The Digital Revolution 1
You should spend about 20 minutes on questions 1-8 which are based on the Passage below.
Wheel of Fortune: Emma Duncan discusses the potential effects on the entertainment industry of the digital revolution A
Since moving pictures were invented a century ago, a new way of distributing entertainment to consumers has emerged about once every generation. Each such innovation has changed the industry irreversibly; each has been accompanied by a period of fear mixed with exhilaration. The arrival of digital technology, which translates music, pictures and text into the zeros and ones of computer language, marks one of those periods. B
This may sound familiar, because the digital revolution, and the explosion of choice that would go with it, has been heralded for some time. In 1992, John Malone, chief executive of TCI, an American cable giant, welcomed the '500-channel universe'. Digital television was about to deliver everything except pizzas to people's living rooms. When the entertainment companies tried out the technology, it worked fine - but not at a price that people were prepared to pay. C
Those 500 channels eventually arrived but via the Internet and the PC rather than through television. The digital revolution was starting to affect the entertainment business in unexpected ways. Eventually it will change every aspect of it, from the way cartoons are made to the way films are screened to the way people buy music. That much is clear. What nobody is sure of is how it will affect the economics of the business. D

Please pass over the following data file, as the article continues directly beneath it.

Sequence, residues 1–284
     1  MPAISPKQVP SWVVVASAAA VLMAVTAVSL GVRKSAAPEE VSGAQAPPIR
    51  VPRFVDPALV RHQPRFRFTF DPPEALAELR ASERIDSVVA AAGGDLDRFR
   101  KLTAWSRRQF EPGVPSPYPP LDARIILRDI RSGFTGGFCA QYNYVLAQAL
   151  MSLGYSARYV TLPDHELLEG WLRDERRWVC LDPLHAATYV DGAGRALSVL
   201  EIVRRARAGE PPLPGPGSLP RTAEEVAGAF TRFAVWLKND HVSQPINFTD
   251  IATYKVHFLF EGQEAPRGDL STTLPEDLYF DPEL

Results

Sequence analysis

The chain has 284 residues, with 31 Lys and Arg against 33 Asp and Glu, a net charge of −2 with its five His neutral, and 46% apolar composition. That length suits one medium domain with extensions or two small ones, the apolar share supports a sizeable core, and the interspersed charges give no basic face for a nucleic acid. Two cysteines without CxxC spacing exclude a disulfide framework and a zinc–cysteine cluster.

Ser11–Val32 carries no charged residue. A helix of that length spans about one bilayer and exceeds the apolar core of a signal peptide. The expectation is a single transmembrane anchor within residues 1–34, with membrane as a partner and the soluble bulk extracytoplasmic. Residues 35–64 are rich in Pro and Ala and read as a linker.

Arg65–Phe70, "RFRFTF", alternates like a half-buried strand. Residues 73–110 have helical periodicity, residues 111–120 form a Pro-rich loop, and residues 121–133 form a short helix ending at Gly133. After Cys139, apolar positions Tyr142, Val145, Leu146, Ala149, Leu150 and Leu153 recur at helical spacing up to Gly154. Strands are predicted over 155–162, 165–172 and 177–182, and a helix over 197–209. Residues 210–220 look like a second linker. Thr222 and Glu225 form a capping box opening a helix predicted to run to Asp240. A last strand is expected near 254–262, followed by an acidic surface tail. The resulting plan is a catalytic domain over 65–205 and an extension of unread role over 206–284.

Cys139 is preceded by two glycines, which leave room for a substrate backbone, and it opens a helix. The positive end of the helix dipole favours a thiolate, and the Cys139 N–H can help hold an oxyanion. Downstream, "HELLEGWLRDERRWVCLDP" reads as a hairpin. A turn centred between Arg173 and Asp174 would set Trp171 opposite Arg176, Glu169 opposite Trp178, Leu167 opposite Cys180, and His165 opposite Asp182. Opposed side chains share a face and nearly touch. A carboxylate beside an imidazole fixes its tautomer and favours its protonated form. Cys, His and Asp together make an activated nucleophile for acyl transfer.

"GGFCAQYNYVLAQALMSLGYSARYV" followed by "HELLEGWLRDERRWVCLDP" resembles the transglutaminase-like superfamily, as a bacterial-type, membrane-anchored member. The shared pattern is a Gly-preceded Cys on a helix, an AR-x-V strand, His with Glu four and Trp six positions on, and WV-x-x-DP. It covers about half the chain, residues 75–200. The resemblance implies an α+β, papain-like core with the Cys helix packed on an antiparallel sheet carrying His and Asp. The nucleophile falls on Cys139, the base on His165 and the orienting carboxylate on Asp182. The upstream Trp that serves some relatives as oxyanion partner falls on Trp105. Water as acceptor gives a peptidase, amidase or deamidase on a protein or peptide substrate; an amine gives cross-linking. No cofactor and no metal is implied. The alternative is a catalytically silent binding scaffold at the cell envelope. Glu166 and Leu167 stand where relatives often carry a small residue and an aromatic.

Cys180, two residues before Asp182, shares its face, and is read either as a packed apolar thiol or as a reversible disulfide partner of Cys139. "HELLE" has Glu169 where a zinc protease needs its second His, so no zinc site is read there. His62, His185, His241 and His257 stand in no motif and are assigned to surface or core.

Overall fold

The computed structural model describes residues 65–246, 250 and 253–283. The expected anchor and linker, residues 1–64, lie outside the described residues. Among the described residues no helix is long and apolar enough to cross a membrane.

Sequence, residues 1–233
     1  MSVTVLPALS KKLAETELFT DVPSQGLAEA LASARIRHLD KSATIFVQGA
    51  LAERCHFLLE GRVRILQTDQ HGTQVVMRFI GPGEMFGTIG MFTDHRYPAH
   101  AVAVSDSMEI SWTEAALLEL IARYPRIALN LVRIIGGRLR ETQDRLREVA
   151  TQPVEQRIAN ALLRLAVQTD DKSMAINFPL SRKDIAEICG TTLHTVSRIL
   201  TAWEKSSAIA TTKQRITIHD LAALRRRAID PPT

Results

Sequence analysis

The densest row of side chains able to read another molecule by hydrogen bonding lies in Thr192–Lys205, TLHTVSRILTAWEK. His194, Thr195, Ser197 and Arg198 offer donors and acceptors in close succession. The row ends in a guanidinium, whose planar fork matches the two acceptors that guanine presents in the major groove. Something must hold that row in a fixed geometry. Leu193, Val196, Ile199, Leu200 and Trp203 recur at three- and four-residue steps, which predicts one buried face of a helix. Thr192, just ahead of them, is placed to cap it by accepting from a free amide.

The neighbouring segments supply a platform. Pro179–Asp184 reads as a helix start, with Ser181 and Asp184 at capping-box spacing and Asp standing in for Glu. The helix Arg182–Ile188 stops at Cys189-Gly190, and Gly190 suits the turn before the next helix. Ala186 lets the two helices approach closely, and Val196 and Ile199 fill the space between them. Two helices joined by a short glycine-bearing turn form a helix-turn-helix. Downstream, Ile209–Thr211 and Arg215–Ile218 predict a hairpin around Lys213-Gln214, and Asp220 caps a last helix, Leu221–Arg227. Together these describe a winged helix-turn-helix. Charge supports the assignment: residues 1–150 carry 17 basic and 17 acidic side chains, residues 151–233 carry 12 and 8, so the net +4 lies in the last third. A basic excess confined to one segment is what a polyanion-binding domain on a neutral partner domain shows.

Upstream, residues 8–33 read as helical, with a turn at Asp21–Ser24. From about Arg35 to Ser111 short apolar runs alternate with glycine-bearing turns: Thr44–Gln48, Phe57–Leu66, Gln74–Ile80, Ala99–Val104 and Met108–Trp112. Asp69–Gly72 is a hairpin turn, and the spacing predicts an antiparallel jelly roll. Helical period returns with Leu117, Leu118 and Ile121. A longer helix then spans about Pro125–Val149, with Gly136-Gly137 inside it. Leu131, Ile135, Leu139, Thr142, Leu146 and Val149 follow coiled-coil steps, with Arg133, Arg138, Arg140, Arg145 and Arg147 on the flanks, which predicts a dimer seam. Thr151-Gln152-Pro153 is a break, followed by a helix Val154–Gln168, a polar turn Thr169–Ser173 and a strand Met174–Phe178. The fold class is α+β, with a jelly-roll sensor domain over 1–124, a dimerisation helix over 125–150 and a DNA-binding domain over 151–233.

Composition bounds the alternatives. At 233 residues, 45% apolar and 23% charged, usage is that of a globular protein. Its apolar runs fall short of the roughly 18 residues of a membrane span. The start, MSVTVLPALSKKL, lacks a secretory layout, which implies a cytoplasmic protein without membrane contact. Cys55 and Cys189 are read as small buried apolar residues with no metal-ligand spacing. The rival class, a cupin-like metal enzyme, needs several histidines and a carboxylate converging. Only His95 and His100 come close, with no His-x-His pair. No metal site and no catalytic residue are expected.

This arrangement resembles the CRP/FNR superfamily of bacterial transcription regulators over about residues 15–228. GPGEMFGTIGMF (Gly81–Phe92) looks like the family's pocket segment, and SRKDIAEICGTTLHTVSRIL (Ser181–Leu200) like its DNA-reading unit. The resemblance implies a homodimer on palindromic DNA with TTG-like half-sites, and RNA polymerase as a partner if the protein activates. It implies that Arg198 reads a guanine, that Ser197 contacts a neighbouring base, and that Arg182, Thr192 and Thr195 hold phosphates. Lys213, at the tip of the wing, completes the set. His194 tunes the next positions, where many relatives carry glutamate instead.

New technologies always contain within them both threats and opportunities. They have the potential both to make the companies in the business a great deal richer, and to sweep them away. Old companies always fear new technology. Hollywood was hostile to television, television terrified by the VCR. Go back far enough, points out Hal Varian, an economist at the University of California at Berkeley, and you find publishers...
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